In return, the state provides purpose and direction, as well as inspiring the rest of society with a transformative mission. It helps, of course, that Xi is a genuine believer in socialism, which to him is both an instrument as well as an end. He’s leveraging that belief to reject decadence and assert agency to point out new lines of advance.
That was quite a lot of theory. Where does it fall apart?
Xi has said: “If we turn a blind eye to challenges, or even dodge or disguise them; if we fear to advance in the face of challenges and sit by and watch the unfolding calamity; then they will grow beyond our control and cause irreparable damage.”
Instead of heeding this warning, authorities in Wuhan suppressed reporting of a spread of a novel virus. At a time when they should have imposed restrictions, they congregated thousands around a gigantic potluck. That has indeed unfolded into a calamity.
Xi has said: “Some officials are perfunctory in their work, shirking responsibility when troubles come and dodging thorny problems. They like to report every trifle to their superiors for approval or directives. In doing so, they appear to be abiding by the rules but are actually avoiding responsibilities. Some make ill-considered or purely arbitrary decisions. They place themselves above the party organization and allow no dissenting voices.”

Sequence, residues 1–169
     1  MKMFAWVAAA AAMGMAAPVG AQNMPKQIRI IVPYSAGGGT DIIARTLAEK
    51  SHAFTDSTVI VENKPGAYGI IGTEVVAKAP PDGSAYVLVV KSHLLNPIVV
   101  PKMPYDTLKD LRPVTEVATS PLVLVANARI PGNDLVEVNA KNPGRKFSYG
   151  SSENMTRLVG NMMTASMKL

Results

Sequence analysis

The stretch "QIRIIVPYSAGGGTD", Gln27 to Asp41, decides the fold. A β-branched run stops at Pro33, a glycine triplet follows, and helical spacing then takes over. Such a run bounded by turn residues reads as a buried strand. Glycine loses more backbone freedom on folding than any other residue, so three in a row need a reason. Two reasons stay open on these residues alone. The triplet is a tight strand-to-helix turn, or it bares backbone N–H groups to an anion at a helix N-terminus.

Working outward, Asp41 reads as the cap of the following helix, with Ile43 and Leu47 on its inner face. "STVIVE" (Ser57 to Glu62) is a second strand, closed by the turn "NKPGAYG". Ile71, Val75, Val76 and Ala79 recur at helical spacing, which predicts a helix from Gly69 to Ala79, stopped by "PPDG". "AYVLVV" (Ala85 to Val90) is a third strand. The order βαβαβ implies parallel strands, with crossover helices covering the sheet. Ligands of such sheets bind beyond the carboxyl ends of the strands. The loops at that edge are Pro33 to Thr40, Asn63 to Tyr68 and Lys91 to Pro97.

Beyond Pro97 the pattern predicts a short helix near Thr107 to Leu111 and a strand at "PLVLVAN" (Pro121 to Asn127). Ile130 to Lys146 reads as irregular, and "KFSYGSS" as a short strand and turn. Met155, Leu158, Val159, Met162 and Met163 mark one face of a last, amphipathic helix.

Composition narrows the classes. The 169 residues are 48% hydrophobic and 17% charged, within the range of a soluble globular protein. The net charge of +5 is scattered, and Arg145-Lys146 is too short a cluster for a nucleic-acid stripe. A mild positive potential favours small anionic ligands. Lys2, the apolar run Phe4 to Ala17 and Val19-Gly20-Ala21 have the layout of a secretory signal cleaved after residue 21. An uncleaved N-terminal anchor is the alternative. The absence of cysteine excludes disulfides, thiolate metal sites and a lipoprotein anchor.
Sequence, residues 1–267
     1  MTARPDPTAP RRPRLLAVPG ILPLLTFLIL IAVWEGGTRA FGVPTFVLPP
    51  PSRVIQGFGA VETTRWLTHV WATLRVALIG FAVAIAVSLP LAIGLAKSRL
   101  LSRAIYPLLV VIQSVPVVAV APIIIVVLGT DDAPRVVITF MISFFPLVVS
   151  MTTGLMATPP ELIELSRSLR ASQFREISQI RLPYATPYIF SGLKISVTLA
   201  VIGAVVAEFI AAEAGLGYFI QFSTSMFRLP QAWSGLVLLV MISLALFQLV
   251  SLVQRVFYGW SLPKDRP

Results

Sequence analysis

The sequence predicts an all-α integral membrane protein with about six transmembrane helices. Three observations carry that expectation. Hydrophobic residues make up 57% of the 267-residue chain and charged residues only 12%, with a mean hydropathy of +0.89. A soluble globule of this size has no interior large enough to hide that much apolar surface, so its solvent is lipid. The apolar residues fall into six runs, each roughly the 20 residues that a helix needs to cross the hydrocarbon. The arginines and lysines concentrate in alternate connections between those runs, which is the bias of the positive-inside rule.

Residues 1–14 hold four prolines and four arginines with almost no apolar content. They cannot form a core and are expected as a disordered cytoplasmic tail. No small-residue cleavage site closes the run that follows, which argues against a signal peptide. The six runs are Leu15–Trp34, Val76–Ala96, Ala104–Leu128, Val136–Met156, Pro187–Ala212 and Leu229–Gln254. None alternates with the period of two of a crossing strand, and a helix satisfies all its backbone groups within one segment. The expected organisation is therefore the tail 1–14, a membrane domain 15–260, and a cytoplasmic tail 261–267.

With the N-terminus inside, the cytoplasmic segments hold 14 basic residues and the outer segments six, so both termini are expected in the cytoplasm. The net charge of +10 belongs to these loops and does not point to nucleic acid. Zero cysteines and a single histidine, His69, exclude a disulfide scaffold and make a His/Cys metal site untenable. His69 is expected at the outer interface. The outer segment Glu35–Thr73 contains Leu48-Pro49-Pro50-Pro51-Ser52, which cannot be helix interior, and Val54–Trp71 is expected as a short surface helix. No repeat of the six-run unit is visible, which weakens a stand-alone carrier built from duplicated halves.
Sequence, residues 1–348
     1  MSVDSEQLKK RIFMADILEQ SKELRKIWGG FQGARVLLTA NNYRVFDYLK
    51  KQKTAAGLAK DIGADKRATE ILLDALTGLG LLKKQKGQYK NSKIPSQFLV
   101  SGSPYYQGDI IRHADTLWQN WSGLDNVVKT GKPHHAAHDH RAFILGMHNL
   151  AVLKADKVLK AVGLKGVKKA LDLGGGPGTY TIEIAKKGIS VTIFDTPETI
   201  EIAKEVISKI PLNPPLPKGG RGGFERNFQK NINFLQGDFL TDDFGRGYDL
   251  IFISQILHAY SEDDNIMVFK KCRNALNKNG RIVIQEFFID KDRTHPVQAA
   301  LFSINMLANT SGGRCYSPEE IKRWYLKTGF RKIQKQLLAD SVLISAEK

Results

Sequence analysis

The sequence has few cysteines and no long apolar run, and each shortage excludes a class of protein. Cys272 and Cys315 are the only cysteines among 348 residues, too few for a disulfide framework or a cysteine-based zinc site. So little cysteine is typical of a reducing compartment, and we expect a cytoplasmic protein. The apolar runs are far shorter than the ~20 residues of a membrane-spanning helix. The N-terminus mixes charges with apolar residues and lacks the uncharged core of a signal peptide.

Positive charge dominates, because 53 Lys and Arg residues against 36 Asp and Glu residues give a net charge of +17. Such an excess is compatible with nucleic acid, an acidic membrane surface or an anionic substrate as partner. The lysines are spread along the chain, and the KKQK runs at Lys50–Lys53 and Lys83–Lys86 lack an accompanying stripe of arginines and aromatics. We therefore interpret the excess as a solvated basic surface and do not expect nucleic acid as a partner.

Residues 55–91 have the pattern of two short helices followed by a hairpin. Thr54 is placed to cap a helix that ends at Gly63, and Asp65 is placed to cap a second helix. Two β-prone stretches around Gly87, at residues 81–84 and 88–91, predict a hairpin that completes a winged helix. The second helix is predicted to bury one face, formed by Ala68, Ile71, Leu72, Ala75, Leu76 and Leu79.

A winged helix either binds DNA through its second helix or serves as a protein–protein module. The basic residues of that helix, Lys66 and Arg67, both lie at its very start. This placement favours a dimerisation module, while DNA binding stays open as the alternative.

But as economic growth slows down, the country is doubling down on centralized government. Over the last several years, the state is taking more of a leading role in the economy, which means a larger role for bureaucrats.
Xi has said: “Self-criticism needs to be specific about our problems and needs to touch underlying questions… We must be gratified when told of our errors; we must not shy away from our shortcomings. We must accommodate different opinions and sharp criticism.”
When medical professionals spoke up about a strange new virus circulating in Wuhan, police gave them reprimands. More and more often, the state is simply arresting critics. Even though the government has every reason to be confident about the effectiveness of its virus containment, it has issued a jail sentence to a citizen journalist under the catch-all charge of “picking quarrels and provoking trouble.” For all the emphasis on seeking truth from facts, the state still maintains this practice of shooting the messenger or jailing its critics.